That journey has been a rather long one although he’s not that old. At age seven—about the same time Yuly started regular school in Ekaterinburg, Russia—his parents signed him up for instruction at a local children’s music school. Each student had to have a major, and since Yuly had already shown interest in piano, he chose that as his major. He was looking forward to spending most of his time at the school learning to perfect his skills on that instrument.
The school had bigger plans. Its goal was to educate students in all aspects of music, including theory, history, choir, as well as classes in their majors. Typically after eight years students came out of the school with a formal certificate of music training. This credential qualified them to study music at the university level in Russia.
So at the beginning, while Yuly was eagerly looking forward to studying piano, he soon learned that he would also have to study a broader range of courses. Music theory class presented the biggest initial challenge, particularly ear training dictation. The teacher would play a melody and students were to write it down in solfège. “At first I was definitely more focused on my progress in the piano class and less on the music theory/ear training course, which seemed to lack any fun,” he explains. “As my struggles with the latter continued, it was made clear to me that I needed to take care of it. After a while my ear training dictation improved significantly until I started getting A’s. As much as I did not initially appreciate some of the challenges presented by the classes outside of piano instruction, I realize how wonderful it is to have such a strong foundation that aims to produce a well-rounded music professional from the very early stage of music learning.”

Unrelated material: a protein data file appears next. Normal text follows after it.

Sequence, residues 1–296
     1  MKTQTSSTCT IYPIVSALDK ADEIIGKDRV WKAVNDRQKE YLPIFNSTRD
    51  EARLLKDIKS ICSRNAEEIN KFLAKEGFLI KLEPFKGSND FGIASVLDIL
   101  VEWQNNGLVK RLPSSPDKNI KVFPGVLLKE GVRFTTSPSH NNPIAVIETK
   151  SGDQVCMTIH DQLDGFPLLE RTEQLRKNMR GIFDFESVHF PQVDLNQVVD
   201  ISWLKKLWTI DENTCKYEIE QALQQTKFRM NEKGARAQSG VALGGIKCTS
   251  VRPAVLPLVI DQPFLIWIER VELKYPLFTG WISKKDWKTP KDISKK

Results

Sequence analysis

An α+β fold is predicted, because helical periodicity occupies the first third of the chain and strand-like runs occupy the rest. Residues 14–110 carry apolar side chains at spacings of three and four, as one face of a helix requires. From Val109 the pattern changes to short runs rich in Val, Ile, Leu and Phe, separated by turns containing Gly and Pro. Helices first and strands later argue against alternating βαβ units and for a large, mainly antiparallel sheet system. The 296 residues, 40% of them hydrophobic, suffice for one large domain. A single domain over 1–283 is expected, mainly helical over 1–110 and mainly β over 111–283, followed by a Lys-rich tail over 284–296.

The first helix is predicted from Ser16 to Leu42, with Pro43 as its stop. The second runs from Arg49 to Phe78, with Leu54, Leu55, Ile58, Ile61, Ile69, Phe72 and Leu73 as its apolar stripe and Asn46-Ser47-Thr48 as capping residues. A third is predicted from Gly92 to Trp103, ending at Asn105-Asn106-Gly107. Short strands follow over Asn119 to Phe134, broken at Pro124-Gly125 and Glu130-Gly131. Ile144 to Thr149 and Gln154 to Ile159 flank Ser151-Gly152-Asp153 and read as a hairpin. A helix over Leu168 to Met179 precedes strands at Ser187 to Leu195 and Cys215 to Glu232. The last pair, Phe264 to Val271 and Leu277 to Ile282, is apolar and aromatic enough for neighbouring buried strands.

In 2016 Yuly moved back to Seattle and the Magnolia Chorale is one of many local groups to which he has had the pleasure of offering his talents and skills as conductor, pianist, and singer in all kinds of music genres.
One of the things that he especially enjoys about working with the Chorale this season is the interaction with choir members. “I like how curious people are and how they are responsive to my artistic direction,” he explains. “It is very important, especially for an assistant conductor, to have that sort of connection and to feel that what you’re trying to do is validated and appreciated. I would also like single out Jean-Marie and how excited I am to be working alongside her. I hugely admire her personality and very much enjoy what she does as a conductor and her ways of building and maintaining a connection with her singers.”